Tread with caution. Whilst there are some very qualified and experienced business consultants out there (and we can put you in touch with some if it helps), there are also a lot of consultants out there who either failed at running their own business or who have been successful in a large corporate environment and think they are now qualified in the small business sector. If I had listened to business consultants then I would never have set up Tiny Box because apparently according to a couple of “experts”, there was nothing unique about what we were offering. More alarmingly, I recently spoke with a lovely lady who had followed the advice of business consultants which ultimately cost her her business. Often an alternative route is to find one or two people in the business environment that you admire and respect and ask them if they would mind mentoring you in exchange for tea (or whatever bribe they are likely to succumb to, mine is Clipper tea bags!). If however, you have big plans and need the advice to get investor ready, then experienced reputable consultants can be a god send.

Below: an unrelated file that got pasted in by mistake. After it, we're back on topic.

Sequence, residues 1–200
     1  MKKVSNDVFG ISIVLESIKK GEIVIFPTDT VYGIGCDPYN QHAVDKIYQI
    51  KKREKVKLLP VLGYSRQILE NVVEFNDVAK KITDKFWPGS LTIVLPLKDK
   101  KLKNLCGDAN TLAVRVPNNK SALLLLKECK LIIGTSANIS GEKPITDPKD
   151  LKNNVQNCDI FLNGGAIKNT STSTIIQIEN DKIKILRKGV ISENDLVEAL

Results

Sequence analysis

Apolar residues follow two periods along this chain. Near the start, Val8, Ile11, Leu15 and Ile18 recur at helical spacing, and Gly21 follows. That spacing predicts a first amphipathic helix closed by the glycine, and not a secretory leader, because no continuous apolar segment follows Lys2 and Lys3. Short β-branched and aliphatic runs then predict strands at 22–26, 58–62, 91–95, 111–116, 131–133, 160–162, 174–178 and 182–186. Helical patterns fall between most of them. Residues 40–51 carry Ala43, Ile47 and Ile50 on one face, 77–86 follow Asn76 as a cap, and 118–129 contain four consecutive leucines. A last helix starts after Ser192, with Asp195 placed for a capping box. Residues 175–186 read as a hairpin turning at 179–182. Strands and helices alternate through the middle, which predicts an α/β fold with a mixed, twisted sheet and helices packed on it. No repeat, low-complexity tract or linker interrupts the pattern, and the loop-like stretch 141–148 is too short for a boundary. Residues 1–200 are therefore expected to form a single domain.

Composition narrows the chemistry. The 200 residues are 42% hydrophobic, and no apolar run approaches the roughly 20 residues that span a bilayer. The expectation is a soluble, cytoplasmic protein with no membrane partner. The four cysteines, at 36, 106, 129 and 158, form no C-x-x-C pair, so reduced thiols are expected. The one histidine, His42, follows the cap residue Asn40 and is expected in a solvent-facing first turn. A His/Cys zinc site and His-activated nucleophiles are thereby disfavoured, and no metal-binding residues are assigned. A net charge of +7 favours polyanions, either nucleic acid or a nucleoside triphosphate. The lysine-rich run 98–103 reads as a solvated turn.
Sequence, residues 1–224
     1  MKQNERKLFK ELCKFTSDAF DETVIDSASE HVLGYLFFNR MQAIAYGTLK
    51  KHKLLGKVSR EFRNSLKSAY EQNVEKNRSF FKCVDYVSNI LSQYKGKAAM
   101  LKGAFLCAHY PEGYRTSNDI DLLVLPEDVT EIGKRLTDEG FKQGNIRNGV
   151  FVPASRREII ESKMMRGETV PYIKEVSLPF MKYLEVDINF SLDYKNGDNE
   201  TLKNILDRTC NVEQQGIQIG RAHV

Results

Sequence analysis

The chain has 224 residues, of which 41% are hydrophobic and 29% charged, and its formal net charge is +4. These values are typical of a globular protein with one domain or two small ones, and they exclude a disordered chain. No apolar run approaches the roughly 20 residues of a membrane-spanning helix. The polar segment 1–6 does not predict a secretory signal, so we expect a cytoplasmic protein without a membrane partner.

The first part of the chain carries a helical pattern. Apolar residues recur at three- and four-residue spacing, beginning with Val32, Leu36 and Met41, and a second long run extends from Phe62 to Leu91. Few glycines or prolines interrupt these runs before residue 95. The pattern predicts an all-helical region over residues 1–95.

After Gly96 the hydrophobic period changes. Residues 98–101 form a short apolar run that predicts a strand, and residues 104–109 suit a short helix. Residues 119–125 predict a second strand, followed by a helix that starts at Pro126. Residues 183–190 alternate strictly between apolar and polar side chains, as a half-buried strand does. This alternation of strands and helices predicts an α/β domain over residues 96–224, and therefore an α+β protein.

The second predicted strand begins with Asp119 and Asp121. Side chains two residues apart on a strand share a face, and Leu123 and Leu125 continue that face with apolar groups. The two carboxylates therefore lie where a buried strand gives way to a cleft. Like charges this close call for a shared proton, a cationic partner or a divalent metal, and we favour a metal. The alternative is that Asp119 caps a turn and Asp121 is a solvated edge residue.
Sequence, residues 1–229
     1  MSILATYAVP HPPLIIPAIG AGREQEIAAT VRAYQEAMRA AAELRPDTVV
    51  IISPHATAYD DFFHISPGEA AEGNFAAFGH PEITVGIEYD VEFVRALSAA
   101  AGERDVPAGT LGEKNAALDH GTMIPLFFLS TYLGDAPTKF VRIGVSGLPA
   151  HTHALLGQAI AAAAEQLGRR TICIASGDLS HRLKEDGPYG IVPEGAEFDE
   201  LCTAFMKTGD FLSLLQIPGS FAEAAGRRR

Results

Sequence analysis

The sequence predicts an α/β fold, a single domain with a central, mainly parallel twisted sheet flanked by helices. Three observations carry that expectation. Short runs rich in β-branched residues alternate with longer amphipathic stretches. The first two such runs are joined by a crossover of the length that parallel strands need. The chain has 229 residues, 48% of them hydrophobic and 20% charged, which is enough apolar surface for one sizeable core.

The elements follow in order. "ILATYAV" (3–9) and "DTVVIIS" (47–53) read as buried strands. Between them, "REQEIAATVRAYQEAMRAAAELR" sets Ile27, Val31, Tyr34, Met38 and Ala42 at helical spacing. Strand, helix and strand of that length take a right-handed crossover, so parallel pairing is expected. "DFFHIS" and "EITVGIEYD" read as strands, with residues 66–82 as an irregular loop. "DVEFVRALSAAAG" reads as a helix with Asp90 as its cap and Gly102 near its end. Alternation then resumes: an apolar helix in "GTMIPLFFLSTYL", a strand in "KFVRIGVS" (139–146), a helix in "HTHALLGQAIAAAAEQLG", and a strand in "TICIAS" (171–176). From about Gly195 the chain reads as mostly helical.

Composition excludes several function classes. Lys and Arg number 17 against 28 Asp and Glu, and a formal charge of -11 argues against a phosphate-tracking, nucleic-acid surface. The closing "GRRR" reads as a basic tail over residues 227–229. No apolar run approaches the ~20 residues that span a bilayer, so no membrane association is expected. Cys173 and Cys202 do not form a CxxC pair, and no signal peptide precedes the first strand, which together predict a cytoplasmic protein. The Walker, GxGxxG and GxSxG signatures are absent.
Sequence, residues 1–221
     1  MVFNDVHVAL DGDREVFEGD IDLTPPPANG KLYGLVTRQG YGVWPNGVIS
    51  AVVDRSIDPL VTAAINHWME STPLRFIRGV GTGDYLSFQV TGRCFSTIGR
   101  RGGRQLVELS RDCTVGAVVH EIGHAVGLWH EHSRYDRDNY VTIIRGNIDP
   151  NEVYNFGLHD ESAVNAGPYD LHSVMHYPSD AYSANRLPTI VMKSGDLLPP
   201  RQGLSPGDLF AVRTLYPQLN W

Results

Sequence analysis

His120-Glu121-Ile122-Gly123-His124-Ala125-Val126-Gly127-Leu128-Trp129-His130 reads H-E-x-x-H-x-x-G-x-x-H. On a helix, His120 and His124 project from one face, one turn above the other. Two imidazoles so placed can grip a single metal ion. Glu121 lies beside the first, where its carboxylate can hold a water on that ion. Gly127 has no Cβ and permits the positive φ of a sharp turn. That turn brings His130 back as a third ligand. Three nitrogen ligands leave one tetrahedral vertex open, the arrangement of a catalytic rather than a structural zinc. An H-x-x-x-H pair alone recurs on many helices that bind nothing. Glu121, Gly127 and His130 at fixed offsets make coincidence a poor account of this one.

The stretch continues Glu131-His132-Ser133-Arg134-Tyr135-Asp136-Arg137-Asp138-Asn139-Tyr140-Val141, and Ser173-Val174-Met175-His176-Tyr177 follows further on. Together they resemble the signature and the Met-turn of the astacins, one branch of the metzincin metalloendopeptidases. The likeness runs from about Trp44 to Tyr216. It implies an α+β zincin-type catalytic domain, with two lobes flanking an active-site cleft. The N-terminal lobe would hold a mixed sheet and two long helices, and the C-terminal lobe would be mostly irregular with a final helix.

Should I join a networking group?
Personally I have always been very wary of networking groups, but I know that they have worked very successfully for other people / businesses. But it’s about knowing your audience. If you are selling meals on wheels to the over 80’s, then your local gentlemens’ business networking group may not be the most beneficial. However, looking at the bigger picture, most people have elderly relatives or know people who have elderly relatives. You never know who might be interested. A young (very attractive) yoga instructor who had just branched out on her own was invited to a networking evening, and contacted me to ask if she should go. I said the same thing – that you never know who you might meet. She said the evening was horrific with no target audience at all and I don’t think she has forgiven me yet! But Duncan Bannatynes niece may have been there and knew that his fitness centres were looking for new instructors. I actually met my first business partner in a shop. He was out looking for a box!
What do I need to know that I don’t know about setting up a business?